Updating of security procedures and scheduling of security audits azdg dating in egypt


12-Dec-2019 15:54

Whether you're dealing with internal reviews or external specialists, the key to surviving a security audit is starting on the right foot.Begin by scheduling a meeting with management to select a security audit response team -- a person or group that has the authority to facilitate the auditors' needs and respond to their inquiries.The CISSP exam is nothing compared to this pressure.But, auditors -- whether they're internal or third parties -- are a security professional's friends.Supporting documents should back up everything noted in your presentation and be included in the documentation binder. The key to surviving their interrogation is to provide answers that reference the presentation or documentation.For example, if they ask about controls that separate account requests from approval and setup, your answer should be something like, "As mentioned in the presentation and supported by the account control document on page 27 of the binder, our process requires that an approval be granted by product operations prior to the MIS group setting up an account." This type of response shows that you know your own policies and processes. Don't answer questions with vague or misleading statements that can't be substantiated.But, they will likely need updating, since no two audits are exactly alike -- especially if you're switching auditors.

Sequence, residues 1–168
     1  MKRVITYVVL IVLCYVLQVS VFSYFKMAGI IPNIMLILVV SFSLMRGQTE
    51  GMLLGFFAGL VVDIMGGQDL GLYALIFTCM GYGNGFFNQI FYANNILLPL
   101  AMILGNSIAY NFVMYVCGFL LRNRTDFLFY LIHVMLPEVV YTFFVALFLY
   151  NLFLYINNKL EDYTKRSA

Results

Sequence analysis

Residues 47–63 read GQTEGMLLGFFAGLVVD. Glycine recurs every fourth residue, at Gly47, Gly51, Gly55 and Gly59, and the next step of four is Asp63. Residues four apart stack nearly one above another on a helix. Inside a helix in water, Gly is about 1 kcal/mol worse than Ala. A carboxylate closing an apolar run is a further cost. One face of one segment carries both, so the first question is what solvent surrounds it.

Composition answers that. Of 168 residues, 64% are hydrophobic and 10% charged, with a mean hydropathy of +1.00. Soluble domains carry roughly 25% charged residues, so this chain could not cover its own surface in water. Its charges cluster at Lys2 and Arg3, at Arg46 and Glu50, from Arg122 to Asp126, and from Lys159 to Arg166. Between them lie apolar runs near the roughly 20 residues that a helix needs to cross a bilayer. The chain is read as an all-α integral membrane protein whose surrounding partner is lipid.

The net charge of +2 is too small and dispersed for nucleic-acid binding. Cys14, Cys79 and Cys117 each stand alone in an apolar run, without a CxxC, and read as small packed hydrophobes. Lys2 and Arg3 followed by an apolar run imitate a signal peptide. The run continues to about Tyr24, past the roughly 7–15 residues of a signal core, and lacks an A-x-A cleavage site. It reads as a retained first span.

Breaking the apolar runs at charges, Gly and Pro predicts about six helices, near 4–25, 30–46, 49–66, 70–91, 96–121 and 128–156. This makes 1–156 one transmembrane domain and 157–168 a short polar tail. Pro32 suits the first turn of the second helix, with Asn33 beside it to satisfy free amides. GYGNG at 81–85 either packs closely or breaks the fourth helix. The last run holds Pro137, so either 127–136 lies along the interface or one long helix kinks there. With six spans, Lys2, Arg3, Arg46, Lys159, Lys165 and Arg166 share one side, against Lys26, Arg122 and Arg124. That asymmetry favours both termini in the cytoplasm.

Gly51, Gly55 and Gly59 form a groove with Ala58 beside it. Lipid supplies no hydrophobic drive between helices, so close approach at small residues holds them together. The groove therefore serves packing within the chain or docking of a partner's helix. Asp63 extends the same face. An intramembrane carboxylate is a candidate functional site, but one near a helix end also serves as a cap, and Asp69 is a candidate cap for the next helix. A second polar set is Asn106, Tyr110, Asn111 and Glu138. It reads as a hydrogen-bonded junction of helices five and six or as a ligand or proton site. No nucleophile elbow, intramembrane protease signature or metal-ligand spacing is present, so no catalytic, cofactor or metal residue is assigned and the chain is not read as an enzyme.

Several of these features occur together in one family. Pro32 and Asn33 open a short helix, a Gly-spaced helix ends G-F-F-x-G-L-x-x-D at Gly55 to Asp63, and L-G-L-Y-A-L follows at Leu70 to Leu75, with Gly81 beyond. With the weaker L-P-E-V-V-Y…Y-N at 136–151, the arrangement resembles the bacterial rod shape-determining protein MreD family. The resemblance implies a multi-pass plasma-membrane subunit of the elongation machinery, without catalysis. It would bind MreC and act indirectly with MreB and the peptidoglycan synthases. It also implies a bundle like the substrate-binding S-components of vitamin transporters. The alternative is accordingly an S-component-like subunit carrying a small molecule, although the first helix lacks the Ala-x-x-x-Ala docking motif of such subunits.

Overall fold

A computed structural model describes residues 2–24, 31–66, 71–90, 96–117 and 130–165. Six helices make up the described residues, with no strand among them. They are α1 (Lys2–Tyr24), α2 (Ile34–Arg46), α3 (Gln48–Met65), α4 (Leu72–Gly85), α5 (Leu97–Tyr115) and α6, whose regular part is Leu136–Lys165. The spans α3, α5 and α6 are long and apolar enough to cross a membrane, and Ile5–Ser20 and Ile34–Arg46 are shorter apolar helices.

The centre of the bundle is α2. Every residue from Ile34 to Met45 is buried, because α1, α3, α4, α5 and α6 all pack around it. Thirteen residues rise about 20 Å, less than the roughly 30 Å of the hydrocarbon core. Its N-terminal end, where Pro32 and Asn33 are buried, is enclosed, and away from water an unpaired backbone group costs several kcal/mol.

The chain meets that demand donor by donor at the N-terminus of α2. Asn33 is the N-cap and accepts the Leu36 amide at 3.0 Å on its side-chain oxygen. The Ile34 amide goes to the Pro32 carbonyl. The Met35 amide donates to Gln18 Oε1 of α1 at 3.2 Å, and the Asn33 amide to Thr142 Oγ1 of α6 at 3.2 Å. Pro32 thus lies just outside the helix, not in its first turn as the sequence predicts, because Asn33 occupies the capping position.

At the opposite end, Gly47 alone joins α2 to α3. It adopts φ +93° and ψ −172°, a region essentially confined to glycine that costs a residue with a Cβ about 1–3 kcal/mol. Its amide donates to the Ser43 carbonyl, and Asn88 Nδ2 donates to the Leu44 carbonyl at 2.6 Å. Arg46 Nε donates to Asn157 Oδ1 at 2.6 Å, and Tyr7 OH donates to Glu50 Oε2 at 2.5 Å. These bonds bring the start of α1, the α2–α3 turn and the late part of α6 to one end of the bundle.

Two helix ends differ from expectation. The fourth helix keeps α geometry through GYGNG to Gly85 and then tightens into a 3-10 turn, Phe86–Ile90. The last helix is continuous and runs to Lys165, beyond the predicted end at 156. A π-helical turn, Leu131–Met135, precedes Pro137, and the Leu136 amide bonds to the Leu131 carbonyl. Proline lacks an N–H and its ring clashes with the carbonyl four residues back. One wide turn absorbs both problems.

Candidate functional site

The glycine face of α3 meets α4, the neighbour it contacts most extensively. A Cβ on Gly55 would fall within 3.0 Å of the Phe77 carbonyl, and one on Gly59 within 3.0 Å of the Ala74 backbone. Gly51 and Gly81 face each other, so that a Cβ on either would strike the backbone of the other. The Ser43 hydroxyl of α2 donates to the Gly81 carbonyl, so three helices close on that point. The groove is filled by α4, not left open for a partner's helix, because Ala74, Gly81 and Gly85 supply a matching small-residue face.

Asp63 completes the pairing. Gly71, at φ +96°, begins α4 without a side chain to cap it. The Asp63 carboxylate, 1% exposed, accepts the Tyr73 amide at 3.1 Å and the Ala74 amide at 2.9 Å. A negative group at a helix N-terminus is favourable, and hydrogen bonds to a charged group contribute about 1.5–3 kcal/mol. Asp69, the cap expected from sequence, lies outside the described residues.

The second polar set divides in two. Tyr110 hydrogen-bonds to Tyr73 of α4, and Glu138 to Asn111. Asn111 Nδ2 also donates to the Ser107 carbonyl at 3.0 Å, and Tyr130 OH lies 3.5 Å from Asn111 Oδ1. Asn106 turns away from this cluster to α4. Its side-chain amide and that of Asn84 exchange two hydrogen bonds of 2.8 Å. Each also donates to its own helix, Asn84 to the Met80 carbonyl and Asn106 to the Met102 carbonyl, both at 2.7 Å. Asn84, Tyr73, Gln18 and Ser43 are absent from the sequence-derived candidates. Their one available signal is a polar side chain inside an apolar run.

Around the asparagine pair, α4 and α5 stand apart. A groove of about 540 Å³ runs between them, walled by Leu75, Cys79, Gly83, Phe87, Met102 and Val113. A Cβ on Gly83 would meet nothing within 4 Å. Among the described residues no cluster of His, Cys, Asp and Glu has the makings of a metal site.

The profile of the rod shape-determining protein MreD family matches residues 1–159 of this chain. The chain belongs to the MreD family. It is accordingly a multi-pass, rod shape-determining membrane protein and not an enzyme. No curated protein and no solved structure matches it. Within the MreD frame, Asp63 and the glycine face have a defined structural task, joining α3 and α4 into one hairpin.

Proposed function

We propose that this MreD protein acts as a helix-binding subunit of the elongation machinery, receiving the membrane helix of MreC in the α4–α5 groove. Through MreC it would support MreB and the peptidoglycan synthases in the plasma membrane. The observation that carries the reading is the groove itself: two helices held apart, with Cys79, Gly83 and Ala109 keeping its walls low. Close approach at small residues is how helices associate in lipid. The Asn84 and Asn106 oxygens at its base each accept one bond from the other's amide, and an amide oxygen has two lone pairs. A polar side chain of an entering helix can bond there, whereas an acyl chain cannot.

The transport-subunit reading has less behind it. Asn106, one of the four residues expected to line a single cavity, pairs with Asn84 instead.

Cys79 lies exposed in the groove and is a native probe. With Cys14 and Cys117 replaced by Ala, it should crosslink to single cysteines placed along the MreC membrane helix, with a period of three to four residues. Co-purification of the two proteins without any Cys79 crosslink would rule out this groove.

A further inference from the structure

If your organization has been audited in the past, you probably already have most of the information and materials you need.The easier you make it for them to find information, the smoother the audit will go.Set the tone Prepare a formal presentation to introduce the auditors to the process or system they will be reviewing.Don't try to hide the ugliness in your infrastructure. Highlight the areas that need improvement, as well as your strengths.

Candor will reduce the likelihood that your presentation will be viewed as a smokescreen.

They are a second set of eyes, looking at your policies, infrastructure and practices and verifying the areas in which you're doing well, and those that need work.